Can I trust this game with my child? Are there loot boxes and adult themes? Apple curates Arcade
The same applies to the credit card, or indeed to the health tools. These do rely on a fair amount of clever engineering and integration, but they also bring a specific brand promise. A points guru might not be particularly impressed with the card’s rewards, but there are no fees, no charges, and a UI that is designed around trying to help you understand what you spend and break down psychological barriers to thinking about it. And, of course, Apple talks a lot about privacy, which is a self-serving point (it has no ad business) but not diminished for that.
However, the third category, I think, is stuff that a cynic might say Apple is doing because it can, and perhaps should, but where it can be hard to see what Apple is doing differently. Apple was obviously rather late to streaming, subscription music. It does bring a story around manual curation of playlists on top of an essentially commodity streaming product. But, it’s not quite clear to me how important that curation really is as a selling proposition.
This applies even more to the new ‘Apple TV Plus’ subscription TV service. We’ve seen promotion reels and trailers for what look like good TV shows, but absolutely nothing that’s specific to Apple. They’re not solving a problem or changing anything about the TV experience or product. Apple just paid a bunch of LA people to do LA stuff, and put the result in an app. The shows might all be great, but any of them could be on Netflix, Amazon or HBO. Apple is using this to drive purchase and retention of iPhones, with free access for a year, and it may well be effective at that, but it’s no more ‘Appley’ than free pizza for a year.
I’m also not sure how ‘defensive’ TV is, or indeed any content, given there is now little or no lock-in from content. As I wrote here, in the old days, when you bought music on iTunes (or indeed bought VHS tapes), you were locked into that platform, and if you switched to a different device you lost access to everything you’d bought. But music is a streamed subscription now, so you lose very little by switching between Apple Music and Spotify. Unlike music, the subscription TV platforms, Apple TV Plus included, have exclusive content, but if you cancel them you’re not losing anything you ever felt you owned, any more than you were if you cancelled HBO or AMC, and you can always turn it on again. There’s no lock-in. These platforms have to keep you month by month with each new show - unlike iTunes, they’re not locking you in with what you already committed to. That in turns means that content has marketing and retention value - but then so does free pizza.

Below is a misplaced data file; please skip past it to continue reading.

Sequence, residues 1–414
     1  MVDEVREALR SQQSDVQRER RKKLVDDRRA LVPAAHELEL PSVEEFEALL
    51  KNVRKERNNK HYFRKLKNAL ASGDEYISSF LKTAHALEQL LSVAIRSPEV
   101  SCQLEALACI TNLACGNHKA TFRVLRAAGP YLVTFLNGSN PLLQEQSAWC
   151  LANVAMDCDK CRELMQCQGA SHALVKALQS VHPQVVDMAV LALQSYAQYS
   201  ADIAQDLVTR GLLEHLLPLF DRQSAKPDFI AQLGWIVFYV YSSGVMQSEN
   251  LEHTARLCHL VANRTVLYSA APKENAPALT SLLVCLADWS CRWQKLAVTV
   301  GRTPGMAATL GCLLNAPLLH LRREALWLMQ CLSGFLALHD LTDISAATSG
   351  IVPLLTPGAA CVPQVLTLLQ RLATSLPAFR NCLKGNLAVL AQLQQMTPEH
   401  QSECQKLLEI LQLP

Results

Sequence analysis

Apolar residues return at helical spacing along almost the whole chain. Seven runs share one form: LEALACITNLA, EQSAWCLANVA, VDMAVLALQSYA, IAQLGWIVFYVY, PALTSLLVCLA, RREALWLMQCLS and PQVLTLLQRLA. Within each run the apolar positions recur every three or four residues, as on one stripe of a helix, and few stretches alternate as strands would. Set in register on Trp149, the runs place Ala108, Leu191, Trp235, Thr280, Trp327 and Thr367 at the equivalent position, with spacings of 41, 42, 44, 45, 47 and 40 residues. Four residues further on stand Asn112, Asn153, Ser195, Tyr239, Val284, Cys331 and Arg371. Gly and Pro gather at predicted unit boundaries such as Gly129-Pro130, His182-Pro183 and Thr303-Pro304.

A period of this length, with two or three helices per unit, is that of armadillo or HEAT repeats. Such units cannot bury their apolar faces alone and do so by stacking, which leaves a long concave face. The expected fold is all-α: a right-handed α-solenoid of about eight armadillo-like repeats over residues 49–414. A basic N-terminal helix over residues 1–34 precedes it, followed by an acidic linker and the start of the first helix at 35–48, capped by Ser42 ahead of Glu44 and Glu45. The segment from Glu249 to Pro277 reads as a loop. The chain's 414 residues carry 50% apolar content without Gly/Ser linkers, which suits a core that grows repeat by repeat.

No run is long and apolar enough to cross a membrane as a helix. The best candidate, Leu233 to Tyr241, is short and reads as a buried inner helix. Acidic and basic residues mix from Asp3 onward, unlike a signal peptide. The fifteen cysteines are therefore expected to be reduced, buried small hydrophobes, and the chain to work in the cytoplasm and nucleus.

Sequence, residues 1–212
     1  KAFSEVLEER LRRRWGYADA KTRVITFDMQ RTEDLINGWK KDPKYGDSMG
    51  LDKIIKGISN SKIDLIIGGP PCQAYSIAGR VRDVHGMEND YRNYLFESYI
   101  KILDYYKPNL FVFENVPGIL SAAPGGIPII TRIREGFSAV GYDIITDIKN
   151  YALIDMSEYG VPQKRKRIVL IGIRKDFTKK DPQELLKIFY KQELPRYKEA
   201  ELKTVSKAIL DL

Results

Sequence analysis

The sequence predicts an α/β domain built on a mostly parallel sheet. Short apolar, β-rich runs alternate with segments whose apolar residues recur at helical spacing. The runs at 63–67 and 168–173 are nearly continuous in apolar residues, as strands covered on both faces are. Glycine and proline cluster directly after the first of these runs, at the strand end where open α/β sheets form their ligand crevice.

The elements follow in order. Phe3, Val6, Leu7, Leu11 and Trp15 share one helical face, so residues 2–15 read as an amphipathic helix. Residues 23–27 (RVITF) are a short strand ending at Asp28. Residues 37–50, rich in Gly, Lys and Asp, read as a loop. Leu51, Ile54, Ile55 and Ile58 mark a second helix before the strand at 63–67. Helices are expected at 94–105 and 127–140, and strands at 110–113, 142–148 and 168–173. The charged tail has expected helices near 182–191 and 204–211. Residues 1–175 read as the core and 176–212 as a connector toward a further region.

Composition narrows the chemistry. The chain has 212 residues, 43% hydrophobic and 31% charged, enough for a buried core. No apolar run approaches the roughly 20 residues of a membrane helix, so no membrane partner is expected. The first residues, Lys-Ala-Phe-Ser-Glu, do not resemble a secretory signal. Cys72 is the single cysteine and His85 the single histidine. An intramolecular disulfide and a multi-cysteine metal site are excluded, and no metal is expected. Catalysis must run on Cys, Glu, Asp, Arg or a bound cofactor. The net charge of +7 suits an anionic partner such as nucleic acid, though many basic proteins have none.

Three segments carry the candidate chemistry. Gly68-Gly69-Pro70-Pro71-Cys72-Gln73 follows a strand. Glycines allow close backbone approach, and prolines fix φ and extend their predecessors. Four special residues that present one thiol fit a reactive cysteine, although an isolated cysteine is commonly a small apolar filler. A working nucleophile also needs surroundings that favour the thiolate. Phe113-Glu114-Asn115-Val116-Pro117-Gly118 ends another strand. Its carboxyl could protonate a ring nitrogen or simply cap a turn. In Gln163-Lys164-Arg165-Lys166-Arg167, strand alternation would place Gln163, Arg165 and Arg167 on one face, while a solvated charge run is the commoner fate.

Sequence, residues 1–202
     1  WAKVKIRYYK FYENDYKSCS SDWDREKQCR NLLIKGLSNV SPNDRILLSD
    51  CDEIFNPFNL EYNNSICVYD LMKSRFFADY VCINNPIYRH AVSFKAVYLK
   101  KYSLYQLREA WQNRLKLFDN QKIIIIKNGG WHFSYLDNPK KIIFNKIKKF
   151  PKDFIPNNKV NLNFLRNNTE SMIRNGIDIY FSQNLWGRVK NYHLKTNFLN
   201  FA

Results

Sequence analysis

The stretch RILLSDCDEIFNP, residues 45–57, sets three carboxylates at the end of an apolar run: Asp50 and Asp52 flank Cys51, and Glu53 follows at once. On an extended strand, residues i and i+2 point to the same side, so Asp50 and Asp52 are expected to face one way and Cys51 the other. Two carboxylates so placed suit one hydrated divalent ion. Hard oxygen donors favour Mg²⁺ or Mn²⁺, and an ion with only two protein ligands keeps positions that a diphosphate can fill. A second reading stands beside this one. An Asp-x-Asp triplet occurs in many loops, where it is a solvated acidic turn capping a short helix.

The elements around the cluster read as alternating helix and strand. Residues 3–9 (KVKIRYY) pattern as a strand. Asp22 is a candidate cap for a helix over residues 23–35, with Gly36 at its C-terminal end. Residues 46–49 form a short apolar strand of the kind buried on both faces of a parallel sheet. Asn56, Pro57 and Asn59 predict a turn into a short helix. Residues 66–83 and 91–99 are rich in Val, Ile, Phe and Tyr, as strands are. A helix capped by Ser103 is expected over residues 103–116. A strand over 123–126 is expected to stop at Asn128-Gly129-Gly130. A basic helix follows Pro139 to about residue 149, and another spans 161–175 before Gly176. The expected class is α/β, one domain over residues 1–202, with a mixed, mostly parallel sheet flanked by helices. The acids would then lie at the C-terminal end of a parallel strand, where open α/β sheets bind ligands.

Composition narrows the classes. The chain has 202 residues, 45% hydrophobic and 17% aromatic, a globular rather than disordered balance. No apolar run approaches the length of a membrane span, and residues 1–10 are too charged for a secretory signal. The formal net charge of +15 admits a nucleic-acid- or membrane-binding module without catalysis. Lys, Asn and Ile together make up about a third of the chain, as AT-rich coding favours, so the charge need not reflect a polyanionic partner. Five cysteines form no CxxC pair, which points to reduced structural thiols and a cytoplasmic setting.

There’s also an irony here. The reason that people wanted Apple to get into TV in the past was that the TV experience was terrible, especially in the USA, and people wanted Apple to transform it in the same way it had transformed music. Apple has been trying for a long time - the original Apple TV device was announced in late 2006, and indeed the broader tech industry has been trying since at least the early 1990s. Now it’s finally happening, but it’s not being driven by Apple or Microsoft or any of the big tech platforms. Tech has created new alternatives to long-form TV (everything from Youtube to Twitch or Tiktok), but the changes in television are coming from within the TV business, and though arguably Netflix has catalysed that, Netflix is a TV company, not a tech company.
This is why Apple and Google’s TV dongles feel like such an anti-climax, and it also makes me think that Apple’s decision to spend actual money commissioning TV shows is an admission of failure - after all, it never set up a record company or a mobile network (or MVNO). TV isn‘t getting Napstered or iTunesed - it isn’t getting swallowed by someone else’s aggregation platform (or at least, not so far). And yet, Apple is reportedly spending $6bn (over an undefined period) on commissioning TV shows, which is more than its total operating cash flow in the year the iPhone and Apple TV were first announced ($5.47bn), but now just a line-item in the marketing budget. A mobile computer turned out to be a much bigger opportunity than TV.
It should be clear that I’m pretty skeptical of the TV Plus project, but that shouldn’t take away from the broader story - that Apple is, mostly, doing things that are entirely natural and correct for this stage of the smartphone S Curve. 4bn people now have a smartphone, 5bn have a mobile phone and there are only about 5.5bn people over 14 on earth - this is a maturing market, with a maturing product. Apple won the high-end, Google won the rest, and this is now the time to optimise, iterate and execute, while thinking about what might be next. Glasses? Cars? Remember, Apple was working on the iPhone for 5 years before it launched, and Apple’s R&D budget is now larger than its total revenue in 2005.